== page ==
Equipped with $15M, Andrena aims to scale its wireless model

A new wireless broadband company is emerging in the Northeast. And with $15 million from Dragonfly Capital, it hopes to take its end-to-end connectivity model nationwide.

Andrena, which got its start in 2017, is working to deliver affordable broadband to buildings by partnering with real estate owners and property managers through a revenue-share arrangement. The company currently provides service in "a bunch of different pockets" in Pennsylvania, New Jersey and New York, with a couple of deployments in Florida as well, said co-founder and CEO Neil Chatterjee in a conversation with Light Reading.

Rather than a fixed-wireless access (FWA) provider, Andrena is more of a fixed-wireless transport provider, said Chatterjee. The company incorporates decentralized wireless elements into its network and is one of the "largest deployers" of Helium 5G, which offers cryptocurrency for hosting its hotspots.

According to Chatterjee, elements like Helium are core to Andrena's overall vision.

"If you look at existing networks that are out there, they're very centralized and very passive. One of the things that we just built as a function of using wireless technology is a very active system. So every single node in our network is capable of being a much larger contributor in the overall Internet and cloud infrastructure," said Chatterjee.

"And one of the things that we're seeing as a big way in which that technology can be distributed, is through underlying crypto stuff – through what typically people call the DePIN, decentralized physical infrastructure networks," he said.

An Andrena installation in progress.
 (Source: Jennifer Brown Photography. Used with permission.)
An Andrena installation in progress.
(Source: Jennifer Brown Photography. Used with permission.)

To be sure, both cryptocurrency and decentralized wireless have their skeptics. But the crypto element is what drew in Dragonfly Capital, which raised $15 million in Series A funding in February from investors including Afore Capital, Castle Island Ventures, Chaos Ventures, FJ Labs, KohFounders, J Ventures and others.

"I think what people misunderstand about the crypto story is that, in order for us to hit true scale, which is a billion people using crypto, it has to be the connective tissue that is rewiring the world," said Anirudh Pai, partner at Dragonfly Capital. "The main problem with crypto is that ... it's not underpinned by any real value. I think Andrena flips that on its head. And now it's just a question of how far we can take this thing."

Revenue share with real estate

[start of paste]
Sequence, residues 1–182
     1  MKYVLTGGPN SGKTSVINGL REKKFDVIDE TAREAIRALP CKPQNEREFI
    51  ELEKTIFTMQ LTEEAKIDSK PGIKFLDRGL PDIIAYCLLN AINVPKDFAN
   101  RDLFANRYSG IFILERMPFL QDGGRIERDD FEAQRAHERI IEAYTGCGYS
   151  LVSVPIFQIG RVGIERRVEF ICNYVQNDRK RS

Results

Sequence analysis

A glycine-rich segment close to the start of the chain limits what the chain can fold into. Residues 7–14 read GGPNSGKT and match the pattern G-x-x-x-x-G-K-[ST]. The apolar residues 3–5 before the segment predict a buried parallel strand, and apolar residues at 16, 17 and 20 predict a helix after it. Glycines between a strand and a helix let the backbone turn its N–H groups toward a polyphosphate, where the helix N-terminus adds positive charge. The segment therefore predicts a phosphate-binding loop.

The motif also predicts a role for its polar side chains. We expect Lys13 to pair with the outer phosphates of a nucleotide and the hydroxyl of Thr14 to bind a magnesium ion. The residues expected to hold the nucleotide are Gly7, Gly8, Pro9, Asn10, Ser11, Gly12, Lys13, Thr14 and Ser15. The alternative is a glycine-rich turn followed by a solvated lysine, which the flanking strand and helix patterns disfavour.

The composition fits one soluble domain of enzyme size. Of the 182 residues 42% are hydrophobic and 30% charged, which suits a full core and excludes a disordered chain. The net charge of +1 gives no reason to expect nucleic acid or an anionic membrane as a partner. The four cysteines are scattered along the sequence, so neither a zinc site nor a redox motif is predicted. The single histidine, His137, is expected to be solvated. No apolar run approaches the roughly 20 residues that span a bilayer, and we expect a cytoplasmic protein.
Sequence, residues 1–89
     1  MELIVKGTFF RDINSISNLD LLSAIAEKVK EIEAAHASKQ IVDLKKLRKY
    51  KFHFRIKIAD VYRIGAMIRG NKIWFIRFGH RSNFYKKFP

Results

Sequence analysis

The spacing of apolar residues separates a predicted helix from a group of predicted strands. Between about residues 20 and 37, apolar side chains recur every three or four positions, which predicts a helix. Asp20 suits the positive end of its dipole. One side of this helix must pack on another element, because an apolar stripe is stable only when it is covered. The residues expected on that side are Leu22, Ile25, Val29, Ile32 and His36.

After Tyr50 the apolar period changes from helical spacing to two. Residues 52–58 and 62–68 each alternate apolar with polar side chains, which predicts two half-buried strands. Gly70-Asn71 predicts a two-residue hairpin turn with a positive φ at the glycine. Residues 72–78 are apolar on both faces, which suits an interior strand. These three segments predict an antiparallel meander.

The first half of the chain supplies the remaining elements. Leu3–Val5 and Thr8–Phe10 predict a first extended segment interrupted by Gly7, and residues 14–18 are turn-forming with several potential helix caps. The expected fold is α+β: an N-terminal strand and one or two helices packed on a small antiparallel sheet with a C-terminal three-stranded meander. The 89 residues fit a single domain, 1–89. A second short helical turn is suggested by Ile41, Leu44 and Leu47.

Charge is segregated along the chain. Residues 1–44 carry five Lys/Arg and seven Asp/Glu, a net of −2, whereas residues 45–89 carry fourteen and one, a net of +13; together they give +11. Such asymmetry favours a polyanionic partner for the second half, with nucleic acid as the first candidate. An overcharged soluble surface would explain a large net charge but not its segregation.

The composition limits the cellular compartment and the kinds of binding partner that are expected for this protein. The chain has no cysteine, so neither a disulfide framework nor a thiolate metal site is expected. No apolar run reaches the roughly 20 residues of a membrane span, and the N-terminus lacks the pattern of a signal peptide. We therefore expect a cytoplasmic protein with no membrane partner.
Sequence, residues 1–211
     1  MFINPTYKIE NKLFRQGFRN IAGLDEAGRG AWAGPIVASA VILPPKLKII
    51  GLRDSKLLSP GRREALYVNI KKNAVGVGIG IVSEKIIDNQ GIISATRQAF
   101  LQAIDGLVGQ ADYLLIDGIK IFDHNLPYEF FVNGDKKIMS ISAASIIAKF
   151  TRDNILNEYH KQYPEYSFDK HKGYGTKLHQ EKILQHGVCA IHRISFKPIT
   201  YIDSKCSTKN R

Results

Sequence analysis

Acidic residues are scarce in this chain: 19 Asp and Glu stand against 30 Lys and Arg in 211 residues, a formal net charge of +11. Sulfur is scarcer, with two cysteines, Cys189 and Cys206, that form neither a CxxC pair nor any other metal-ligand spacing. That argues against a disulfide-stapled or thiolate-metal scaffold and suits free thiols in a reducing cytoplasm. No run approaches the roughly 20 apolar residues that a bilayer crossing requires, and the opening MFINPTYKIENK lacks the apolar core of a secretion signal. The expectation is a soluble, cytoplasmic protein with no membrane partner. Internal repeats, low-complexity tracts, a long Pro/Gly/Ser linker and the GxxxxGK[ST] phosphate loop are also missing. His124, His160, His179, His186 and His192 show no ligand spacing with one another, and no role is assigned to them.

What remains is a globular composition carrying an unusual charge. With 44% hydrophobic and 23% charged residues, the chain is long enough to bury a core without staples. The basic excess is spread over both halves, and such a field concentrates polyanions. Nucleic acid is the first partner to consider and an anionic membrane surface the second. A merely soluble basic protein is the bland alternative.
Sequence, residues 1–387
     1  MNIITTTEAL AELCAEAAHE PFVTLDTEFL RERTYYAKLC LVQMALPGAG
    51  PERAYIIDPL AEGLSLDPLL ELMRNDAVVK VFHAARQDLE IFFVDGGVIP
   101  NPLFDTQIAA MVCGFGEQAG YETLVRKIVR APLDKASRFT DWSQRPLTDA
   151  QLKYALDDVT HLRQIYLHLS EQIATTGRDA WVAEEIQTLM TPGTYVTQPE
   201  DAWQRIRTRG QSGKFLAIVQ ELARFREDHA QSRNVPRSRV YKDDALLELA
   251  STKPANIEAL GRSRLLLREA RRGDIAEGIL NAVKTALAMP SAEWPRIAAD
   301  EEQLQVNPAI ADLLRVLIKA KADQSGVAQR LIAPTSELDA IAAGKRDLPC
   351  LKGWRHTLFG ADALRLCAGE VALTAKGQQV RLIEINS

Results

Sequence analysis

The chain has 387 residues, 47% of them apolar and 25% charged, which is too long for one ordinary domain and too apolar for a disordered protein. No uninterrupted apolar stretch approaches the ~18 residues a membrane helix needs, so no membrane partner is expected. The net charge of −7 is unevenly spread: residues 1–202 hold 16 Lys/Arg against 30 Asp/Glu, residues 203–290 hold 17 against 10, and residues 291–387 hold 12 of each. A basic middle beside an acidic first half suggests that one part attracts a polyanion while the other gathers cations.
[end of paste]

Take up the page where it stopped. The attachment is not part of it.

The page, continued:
While Andrena delivers service to single family homes as well as multi-dwelling units (MDUs), the latter are its bread and butter.

"We find that MDUs are the best way to really go and capture a lot of good surface area, and they tend to be in dense [environments] and have a bunch of single family homes or mid-rises, low-rises surrounding them," said Chatterjee.

The company also describes its offering as a benefit to property managers in that Andrena covers the installation costs, offers service in common areas and creates a new funding stream for the building through a revenue-share arrangement.

It's affordable for residents as well, with prices starting at $25 per month and going up to $40. Speeds range from 100-500 Mbit/s, and can go up to 10 Gbit/s for deployments in new construction, said Chatterjee.

With those prices, and its participation in the Affordable Connectivity Program (ACP), Andrena is looking to partner with public housing authorities to deliver affordable or free broadband to low-income residents. The company landed one such contract last year with the Jersey City Housing Authority (JCHA) to deliver service to its 1,200 households, with prices starting at $20/month.

Similarities with Starry

Andrena both compares itself to and sets itself apart from another fixed wireless upstart, Starry, which entered the field with massive goals only to file for bankruptcy and significantly scale back its deployment and service plans. Starry also established partnerships with public housing developments, including Columbus, Ohio, a market it's exiting this year.

"They really built and set the standard ... they showed that hey, these point-to-multipoint networks in urban environments are really the way to go if you're gonna build out wireless there," Chatterjee said about Starry.

But one way the companies differ is in their service delivery, with Andrena running primarily on software and enabling residents to connect without in-home hardware once buildings are wired for the service.

"Because we are building this full-property wireless system, we don't have to roll technicians to install people," Chatterjee said. "We don't have to have a truck roll or anything like that. 99-plus percent of all our issues can be solved remotely with software. And I think when you approach your network that way, you have incredible unit economics that allow you to scale quite quickly."

Andrena aims to use its Series A funding to expand in states including California, Georgia, Ohio, Tennessee, Texas and Wisconsin. The company also recently grew to 30 employees, doubling in size, and is working to hire locally for its network construction.

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Nicole Ferraro, editor, Light Reading, and host of "​​The Divide" on the Light Reading Podcast.

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